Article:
The Gold Rush for India's SuperApp

Late last year, when billionaire entrepreneur Gautam Adani announced his undisclosed investment in online travel aggregator Cleartrip — part of the Walmart-owned Flipkart group — the motive was explicit: to build a SuperApp by bundling a host of services on a single platform. For Adani, it means encapsulating an empire spanning fast-moving consumer goods [FMCG], power & gas utilities, airport management, data centres, ports and real estate. “The Cleartrip platform will become an essential part of the broader SuperApp journey we have embarked upon,” says Gautam Adani, chairman, Adani Group.

Besides Adani, the who’s who of India Inc. have embarked on to the next frontier in e-commerce—the SuperApp. Clouded in secrecy, some of India’s biggest conglomerates, etailers, banks andaggregators are capitalising on the growing App-fatigue to deliver an all-inclusive digital experience to consumers with an eye on their loyalty — and spending power. Their weapon of mass invasion: the SuperApp.

Reliance Industries Ltd. [RIL], the Tata group, Amazon, Flipkart, and Paytm are keeping the details of their SuperApp close to their chest but their actions leave a trail of their aspirations. Even large banks such as the State Bank of India, HDFC Bank and Kotak Mahindra Bank see it as a natural extension of their businesses.

The Gold Rush for India's SuperApp

In an age defined by hyper-targeting, hyper-personalisation and multi-platform consumers, the power of one is increasingly the superpower that everyone is after, says Piyush Sharma, executive-in-residence, UCLA, and a C-suite+ and start-up advisor. And that power can come from a SuperApp.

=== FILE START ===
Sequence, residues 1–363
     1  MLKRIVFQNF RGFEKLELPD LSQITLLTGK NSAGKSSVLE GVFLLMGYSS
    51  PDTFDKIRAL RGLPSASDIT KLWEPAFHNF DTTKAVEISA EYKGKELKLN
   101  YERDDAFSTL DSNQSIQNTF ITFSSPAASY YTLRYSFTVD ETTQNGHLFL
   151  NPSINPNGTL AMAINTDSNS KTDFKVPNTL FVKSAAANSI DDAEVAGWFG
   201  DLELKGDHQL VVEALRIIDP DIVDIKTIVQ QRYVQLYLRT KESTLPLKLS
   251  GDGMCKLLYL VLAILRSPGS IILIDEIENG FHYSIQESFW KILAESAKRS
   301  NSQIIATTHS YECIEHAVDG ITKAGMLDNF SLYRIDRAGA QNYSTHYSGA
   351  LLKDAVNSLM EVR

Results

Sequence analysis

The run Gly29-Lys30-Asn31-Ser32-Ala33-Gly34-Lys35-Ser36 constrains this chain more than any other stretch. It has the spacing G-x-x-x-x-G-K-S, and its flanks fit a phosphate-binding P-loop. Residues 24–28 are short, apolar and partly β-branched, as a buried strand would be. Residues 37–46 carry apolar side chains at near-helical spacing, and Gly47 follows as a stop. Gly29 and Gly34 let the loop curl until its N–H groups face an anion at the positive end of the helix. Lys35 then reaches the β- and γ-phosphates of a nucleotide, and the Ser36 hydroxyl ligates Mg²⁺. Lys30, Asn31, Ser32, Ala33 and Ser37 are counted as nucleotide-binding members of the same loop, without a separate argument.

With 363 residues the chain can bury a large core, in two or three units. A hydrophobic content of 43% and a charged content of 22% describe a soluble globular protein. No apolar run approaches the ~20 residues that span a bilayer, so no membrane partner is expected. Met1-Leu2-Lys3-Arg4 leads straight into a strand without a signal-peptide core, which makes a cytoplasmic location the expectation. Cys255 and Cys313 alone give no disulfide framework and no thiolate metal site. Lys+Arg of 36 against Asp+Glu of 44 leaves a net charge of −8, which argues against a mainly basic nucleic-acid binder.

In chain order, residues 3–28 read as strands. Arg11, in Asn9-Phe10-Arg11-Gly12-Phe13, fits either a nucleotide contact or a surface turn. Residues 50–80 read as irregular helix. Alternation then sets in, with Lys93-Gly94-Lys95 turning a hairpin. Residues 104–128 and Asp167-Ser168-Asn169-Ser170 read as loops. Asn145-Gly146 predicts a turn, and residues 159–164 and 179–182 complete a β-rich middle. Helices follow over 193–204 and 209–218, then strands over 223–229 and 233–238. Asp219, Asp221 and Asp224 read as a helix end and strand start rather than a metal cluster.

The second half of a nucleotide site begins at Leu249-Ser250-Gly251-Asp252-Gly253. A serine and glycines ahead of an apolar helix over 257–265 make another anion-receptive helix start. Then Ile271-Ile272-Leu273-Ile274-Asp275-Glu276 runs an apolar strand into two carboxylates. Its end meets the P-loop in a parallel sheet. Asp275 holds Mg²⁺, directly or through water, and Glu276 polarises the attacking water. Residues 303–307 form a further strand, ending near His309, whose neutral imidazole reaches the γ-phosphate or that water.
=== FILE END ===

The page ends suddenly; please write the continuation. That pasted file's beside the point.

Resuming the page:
The opportunity is being thrown open by India’s booming consumer digital economy. Pegged at $90 billion in 2020, it is projected to be an $800-billion market by 2030, of which online retail will be a large slice, according to a RedSeer report. The online retail market is likely to grow to $350 billion in gross merchandise value (GMV) — the value of goods sold on a platform, barring discounts and returns — over the next decade from $55 billion this year. No consumer company can afford to miss this pie. According to an Ericsson Mobility Report, India already has 810 million smartphone subscriptions which will drive the app usage.

SuperApp 1.0

What is a SuperApp — a term coined by Blackberry founder Mike Lazaridis in 2010? It is a one-stop virtual platform that offers the convenience of diverse products and services such as marketplaces, ride hailing, food delivery, financial services, online messaging, social media, utilities and others under one umbrella. The best exponents of a SuperApp are Chinese tech conglomerate Tencent’s WeChat and Alibaba’s Alipay. Reason: The convenience of using a single app for any product or service a customer may need on a daily basis. Another one is Indonesia’s Go-Jek that started off as a two-wheeler ride-hailing service. Today, Go-Jek, which has expanded to Vietnam and Singapore, is used for ordering food, digital payments, shopping, hyper-local delivery, getting a massage and two dozen other services.

“A successful SuperApp will be more than just a platform-based business model. It will first need a killer habit for high-frequency usage with zero friction. Think WhatsApp or Paytm. On top of that, it will need to bring together a unified ecosystem. Think [RIL’s] Jio and its latest play for bundling over-the-top [OTT] streaming platforms,” says UCLA’s Sharma.

SuperApp will cover at least 40-50% of online transactions made by a large customer segment, adds Arpit Mathur, Partner at AT Kearney.